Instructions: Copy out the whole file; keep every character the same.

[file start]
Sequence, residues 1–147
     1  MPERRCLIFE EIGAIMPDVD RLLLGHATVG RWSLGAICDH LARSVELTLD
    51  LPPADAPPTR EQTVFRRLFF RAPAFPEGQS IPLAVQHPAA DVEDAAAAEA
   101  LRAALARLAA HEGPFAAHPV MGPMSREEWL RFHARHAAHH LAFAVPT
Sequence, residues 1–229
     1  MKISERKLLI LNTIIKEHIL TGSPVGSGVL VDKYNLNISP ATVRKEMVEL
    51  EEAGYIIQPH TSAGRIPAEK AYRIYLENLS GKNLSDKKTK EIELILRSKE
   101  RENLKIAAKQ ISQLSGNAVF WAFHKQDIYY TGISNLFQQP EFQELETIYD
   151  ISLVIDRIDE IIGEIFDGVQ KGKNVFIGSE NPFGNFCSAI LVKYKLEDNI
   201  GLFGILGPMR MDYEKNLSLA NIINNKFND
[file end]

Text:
Sequence, residues 1–147
     1  MPERRCLIFE EIGAIMPDVD RLLLGHATVG RWSLGAICDH LARSVELTLD
    51  LPPADAPPTR EQTVFRRLFF RAPAFPEGQS IPLAVQHPAA DVEDAAAAEA
   101  LRAALARLAA HEGPFAAHPV MGPMSREEWL RFHARHAAHH LAFAVPT
Sequence, residues 1–229
     1  MKISERKLLI LNTIIKEHIL TGSPVGSGVL VDKYNLNISP ATVRKEMVEL
    51  EEAGYIIQPH TSAGRIPAEK AYRIYLENLS GKNLSDKKTK EIELILRSKE
   101  RENLKIAAKQ ISQLSGNAVF WAFHKQDIYY TGISNLFQQP EFQELETIYD
   151  ISLVIDRIDE IIGEIFDGVQ KGKNVFIGSE NPFGNFCSAI LVKYKLEDNI
   201  GLFGILGPMR MDYEKNLSLA NIINNKFND